We heartily agree: colleges are engines of social mobility, and this important and timely call to action by the Association of Colleges is one which we thoroughly endorse in its ambition to make the post-18 education system accessible to everyone, reintroduce means-tested maintenance grants, and ensure we have a workforce appropriately skilled for the future labour market.

We urge everyone to read the report, and for government to heed its messages.

Our response to the Government's review of post-18 education

We recently contributed to the Government's major review of funding for post-18 education in England, which aims to ensure a joined-up system that works for everyone. Our submission focused on three key themes:

1. Making sure that Higher Education is “accessible for all”.

We welcome the prominence the review gives to disadvantaged students.

If the new funding system is indeed to be “accessible for all” then care should be taken to ensure that any changes in the funding regime do not deter students from under-represented groups from participating in Higher Education.

While the overall Higher Education Participation Rate increased to 49% in 2015-16 there remain troubling gaps in the ability of disadvantaged and part-time students to access Higher Education.  Whatever the details of the new funding system, access for disadvantaged students needs to remain the top priority.

2. Putting schools and colleges at the heart of post-18 progression

The drivers of fair access – good attainment and effective guidance – are to be found in the classroom, but schools and colleges are largely overlooked in debates about post-18 progression.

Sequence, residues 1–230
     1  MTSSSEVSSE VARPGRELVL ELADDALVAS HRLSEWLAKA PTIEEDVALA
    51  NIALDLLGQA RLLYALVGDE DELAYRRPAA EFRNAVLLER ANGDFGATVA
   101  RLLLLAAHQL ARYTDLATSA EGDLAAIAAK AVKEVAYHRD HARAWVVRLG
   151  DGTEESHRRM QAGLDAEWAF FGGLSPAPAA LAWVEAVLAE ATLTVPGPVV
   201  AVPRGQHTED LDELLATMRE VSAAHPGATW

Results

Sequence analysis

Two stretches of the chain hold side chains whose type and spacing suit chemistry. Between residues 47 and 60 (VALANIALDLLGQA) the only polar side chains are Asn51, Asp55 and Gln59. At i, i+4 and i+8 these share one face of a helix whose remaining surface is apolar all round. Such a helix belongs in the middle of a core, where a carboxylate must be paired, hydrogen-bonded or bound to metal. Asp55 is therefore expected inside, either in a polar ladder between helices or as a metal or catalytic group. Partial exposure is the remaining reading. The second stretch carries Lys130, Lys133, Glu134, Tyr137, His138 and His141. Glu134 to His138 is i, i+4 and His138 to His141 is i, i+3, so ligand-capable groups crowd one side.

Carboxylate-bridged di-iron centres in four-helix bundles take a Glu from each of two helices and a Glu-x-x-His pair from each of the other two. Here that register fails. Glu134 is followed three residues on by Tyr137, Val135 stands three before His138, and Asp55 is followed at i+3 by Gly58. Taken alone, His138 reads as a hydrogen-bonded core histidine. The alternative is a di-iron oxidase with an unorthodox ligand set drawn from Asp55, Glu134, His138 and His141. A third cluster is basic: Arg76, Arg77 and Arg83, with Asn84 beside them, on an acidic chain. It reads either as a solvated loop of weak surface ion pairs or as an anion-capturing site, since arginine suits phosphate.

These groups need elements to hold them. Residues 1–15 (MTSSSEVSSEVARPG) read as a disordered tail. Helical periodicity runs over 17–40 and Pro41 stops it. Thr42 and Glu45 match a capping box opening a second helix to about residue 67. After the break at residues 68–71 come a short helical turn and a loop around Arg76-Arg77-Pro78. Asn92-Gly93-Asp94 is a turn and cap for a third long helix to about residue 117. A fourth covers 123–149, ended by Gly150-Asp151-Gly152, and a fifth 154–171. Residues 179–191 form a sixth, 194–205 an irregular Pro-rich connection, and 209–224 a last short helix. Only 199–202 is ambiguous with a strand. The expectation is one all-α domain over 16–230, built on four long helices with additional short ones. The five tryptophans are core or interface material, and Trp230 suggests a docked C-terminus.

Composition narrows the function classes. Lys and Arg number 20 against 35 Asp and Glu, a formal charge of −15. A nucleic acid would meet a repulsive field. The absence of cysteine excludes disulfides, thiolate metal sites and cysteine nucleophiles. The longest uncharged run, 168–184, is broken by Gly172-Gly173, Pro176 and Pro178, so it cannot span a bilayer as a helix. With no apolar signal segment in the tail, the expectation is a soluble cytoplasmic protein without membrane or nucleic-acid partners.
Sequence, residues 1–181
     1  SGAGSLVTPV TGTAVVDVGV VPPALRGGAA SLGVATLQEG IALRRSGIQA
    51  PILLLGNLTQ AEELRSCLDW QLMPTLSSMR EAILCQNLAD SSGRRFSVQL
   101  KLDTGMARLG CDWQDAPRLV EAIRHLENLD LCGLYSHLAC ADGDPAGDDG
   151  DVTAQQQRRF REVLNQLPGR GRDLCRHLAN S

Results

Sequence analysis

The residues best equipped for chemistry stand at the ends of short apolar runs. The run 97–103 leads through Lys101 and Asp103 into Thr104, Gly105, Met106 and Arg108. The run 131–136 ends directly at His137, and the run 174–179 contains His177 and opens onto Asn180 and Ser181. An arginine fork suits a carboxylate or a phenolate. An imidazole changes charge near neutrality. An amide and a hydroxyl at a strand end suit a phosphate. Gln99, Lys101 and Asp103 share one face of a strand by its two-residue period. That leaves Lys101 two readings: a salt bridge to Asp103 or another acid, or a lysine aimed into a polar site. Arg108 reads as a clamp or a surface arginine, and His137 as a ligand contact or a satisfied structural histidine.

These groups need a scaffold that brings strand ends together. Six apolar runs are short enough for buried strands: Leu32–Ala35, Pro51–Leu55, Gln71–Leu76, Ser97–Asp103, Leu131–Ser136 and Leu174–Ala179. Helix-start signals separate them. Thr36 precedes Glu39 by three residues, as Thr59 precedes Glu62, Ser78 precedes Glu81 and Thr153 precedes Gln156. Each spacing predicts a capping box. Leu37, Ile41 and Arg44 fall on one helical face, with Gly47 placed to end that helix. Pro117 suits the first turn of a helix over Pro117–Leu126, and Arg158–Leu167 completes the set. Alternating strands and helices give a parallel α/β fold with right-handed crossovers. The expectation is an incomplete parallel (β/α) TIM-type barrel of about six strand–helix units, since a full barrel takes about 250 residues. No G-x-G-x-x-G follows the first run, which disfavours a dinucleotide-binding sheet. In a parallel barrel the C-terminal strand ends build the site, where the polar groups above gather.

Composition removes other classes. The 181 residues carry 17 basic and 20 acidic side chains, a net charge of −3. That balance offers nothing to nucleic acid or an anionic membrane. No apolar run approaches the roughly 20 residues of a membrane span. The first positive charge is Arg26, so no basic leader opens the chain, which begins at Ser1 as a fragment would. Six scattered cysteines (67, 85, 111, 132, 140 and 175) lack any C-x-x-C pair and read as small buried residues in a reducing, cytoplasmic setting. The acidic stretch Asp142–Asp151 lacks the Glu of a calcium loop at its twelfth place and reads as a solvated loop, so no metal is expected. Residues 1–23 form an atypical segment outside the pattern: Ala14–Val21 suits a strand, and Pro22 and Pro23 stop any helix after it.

To ensure that students can make informed post-18 choices, we need to shift the centre of gravity towards schools and colleges.

Schools and colleges face significant pressures on their existing resources. In order to enable schools and colleges to improve their post-18 destinations, we advocate setting up a Student Outcomes Fund with ringfenced funds made available to improve systems in schools and colleges. 

3. Strengthening Information, Advice and Guidance in the classroom

Most adults struggle to choose between five energy suppliers, but we expect students to be able to make rational choices between 37,000 UCAS courses.

If we want applicants to make appropriate choices about what and where to study then we need to offer better support. Providing more information is not the solution. Information overload has now reached a stage that experts have argued that students are being encouraged to make irrational decisions based on crude heuristics.

Research shows that students respond more effectively to “hot information” provided by trusted sources, such as teachers, as opposed to “cold information” provided in literature and on websites. Part of a Student Outcomes Fund should therefore be directed towards supporting teachers and other key influencers to make provide effective and personalised guidance for students.

The independent panel, chaired by Philip Augar and supported by experts from across the sector, are currently reviewing evidence. We look forward to seeing how the review progresses.